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India's iconic Company Paintings go up for auction in London

Sotheby's is going to display highlights from the collection in its galleries in New York, Hong Kong, and London, before the actual auction in October

A Bay Racehorse with a Groom, Signed Shaykh Muhammad Amir Of Karraya, Company School, Calcutta, circa 1842 (est. £30,000-50,000).

Auction house Sotheby’s will hold what is arguably the first auction dedicated to Company School paintings, the umbrella term conventionally used to refer to the work of Indian master artists commissioned by East India Company officials in the 18th and 19th centuries. From animal, botanical and human studies to architectural panoramas, these paintings are distinguished for their finely-honed draughtsmanship, inspired use of colour, and close attention to detail. 

A Panoramic View of Alwar, Attributed To Ghulam 'Ali Khan, Company School, Delhi, circa 1820 (est £80,000-120,000)
A Panoramic View of Alwar, Attributed To Ghulam 'Ali Khan, Company School, Delhi, circa 1820 (est £80,000-120,000)

In 2018, historian William Dalrymple curated a selection of these works at The Wallace Collection, one of the key sites of 18th and 19th century art in London. The aim of the show was to shine a light on these mostly anonymous geniuses as well as to assign and attribute names, wherever possible. A similar idea also inspired historian Martyn Rix's recent work on botanical art in the holdings of Botanic Gardens, Kew, published by Roli Books in India.

Also Read | The unsung geniuses of Indian art history

Titled Forgotten Masters: Indian Painting For The East India Company, Dalrymple's project appeared in the form of a book with extensive notes and historical insights. Many of the names from Dalrymple's project—Shaykh Zayn al-Din, Ram Das, Bhawani Das and Ghulam Ali Khan—are represented in the auction.

The works in the Sotheby auction, titled In an Indian Garden, have been offered by the American collector and art dealer Carlton C. Rochell, Jr. who spent the first 18 years at the auction firm, where he founded the Indian and Southeast Asian Art Department in 1988. Before the auction goes live in London on 27 October, highlights from the collection will go on view in Sotheby’s galleries in New York (17-20 September), Hong Kong (7-11 October) and London (22-26 October).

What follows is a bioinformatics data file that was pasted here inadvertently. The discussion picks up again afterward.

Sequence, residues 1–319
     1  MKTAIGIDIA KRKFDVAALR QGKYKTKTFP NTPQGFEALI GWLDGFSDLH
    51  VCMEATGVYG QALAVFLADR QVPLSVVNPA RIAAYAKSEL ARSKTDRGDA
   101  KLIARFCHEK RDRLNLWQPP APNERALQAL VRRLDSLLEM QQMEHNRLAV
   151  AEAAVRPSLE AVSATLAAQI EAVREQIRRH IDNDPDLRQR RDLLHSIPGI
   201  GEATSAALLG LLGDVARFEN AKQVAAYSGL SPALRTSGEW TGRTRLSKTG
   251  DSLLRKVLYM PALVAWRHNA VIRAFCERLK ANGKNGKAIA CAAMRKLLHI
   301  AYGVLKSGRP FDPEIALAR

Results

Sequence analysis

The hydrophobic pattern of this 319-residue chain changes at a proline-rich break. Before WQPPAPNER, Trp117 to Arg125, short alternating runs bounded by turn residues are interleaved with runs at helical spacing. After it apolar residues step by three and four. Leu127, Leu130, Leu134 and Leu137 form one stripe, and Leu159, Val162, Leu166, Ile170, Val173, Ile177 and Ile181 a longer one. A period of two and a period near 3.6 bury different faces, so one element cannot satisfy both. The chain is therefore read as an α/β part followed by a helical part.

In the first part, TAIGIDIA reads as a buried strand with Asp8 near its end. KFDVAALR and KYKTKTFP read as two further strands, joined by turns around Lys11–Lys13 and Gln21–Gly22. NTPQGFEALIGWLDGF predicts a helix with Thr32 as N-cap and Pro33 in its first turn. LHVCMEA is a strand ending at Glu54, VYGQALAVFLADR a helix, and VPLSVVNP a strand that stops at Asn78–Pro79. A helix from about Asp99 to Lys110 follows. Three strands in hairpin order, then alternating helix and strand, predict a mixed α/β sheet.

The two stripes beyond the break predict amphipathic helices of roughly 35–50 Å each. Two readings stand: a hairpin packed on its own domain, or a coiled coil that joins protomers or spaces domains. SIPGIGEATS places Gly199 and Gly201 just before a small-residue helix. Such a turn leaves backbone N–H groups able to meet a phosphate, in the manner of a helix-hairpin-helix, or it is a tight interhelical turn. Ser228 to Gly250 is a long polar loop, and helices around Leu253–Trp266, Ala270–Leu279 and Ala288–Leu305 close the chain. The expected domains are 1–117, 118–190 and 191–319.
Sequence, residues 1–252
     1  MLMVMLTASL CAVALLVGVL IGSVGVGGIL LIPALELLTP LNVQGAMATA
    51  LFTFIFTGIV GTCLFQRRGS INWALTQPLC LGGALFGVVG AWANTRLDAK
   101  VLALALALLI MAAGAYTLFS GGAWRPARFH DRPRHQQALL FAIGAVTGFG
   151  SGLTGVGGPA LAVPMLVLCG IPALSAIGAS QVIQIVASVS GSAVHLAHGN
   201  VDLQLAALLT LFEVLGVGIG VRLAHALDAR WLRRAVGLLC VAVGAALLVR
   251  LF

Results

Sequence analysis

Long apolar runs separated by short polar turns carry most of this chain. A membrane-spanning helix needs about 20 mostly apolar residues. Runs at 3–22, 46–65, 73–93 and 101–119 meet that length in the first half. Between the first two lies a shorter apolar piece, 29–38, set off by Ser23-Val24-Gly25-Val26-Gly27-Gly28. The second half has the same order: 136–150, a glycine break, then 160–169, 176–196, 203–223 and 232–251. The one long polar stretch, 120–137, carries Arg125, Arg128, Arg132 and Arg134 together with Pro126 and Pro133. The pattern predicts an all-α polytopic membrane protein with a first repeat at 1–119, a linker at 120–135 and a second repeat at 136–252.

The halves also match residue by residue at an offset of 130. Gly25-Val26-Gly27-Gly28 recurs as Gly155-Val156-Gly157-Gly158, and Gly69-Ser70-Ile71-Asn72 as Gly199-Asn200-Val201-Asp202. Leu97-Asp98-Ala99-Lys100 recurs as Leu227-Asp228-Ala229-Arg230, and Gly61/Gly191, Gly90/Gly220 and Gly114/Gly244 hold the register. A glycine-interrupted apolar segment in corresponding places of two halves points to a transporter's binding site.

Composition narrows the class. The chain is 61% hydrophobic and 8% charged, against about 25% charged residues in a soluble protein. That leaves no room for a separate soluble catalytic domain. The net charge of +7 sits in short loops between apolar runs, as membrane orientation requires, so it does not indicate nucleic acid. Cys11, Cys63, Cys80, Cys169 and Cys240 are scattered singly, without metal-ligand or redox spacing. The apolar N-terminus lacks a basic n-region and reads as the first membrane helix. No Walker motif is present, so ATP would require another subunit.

A Great Indian Fruit Bat or Flying Fox, From The Impey Album, Signed by Bhawani Das, Company School, Calcutta, circa 1778-82 (est. £300,000-500,000)
A Great Indian Fruit Bat or Flying Fox, From The Impey Album, Signed by Bhawani Das, Company School, Calcutta, circa 1778-82 (est. £300,000-500,000)

In An Indian Garden features many works from the most renowned series of Company School paintings, including albums commissioned by Sir Elijah and Lady Impey, the Fraser brothers, Viscount Valentia and Major General Claude Martin. The Impey Collection, perhaps the most memorable of the lot, was sold at auction in London in 1810. Several pieces from it were held in international institutions, including The Metropolitan Museum of Art in New York and the Victoria and Albert Museum in London. However, “perhaps the person who sparked the fashion for such commissions was merchant, soldier, architect, hot air balloonist and collector Major General Claude Martin,” adds a press release from Sotheby, “and the sale offers a Lesser Adjutant Stork from his collection, which survives as a masterpiece of the genre.”

A Painted Stork Eating a Snail, From The Impey Album, Signed by Shaykh Zayn Al-Din, Company School, Calcutta, Dated 1781 (200,000-300,000)
A Painted Stork Eating a Snail, From The Impey Album, Signed by Shaykh Zayn Al-Din, Company School, Calcutta, Dated 1781 (200,000-300,000)

In An Indian Garden features many works from the most renowned series of Company School paintings, including albums commissioned by Sir Elijah and Lady Impey, the Fraser brothers, Viscount Valentia and Major General Claude Martin. The Impey Collection, perhaps the most memorable of the lot, was sold at auction in London in 1810. Several pieces from it were held in international institutions, including The Metropolitan Museum of Art in New York and the Victoria and Albert Museum in London. However, “perhaps the person who sparked the fashion for such commissions was merchant, soldier, architect, hot air balloonist and collector Major General Claude Martin,” adds a press release from Sotheby, “and the sale offers a Lesser Adjutant Stork from his collection, which survives as a masterpiece of the genre.”

A Green Snake, Company School, Madras, dated 25 July 1839 (est. £10,000-15,000)
A Green Snake, Company School, Madras, dated 25 July 1839 (est. £10,000-15,000)

Some of the works, as Sotheby's adds, passed through the hands of Jacqueline Kennedy Onassis, who for many years owned the arresting study of a Stork Eating a Snail, renowned South Asian paintings collector Edwin Binney 3rd, leading scholar and curator Stuart Cary Welch and others.

Also Read | Recovering India's botanical treasures from colonial history

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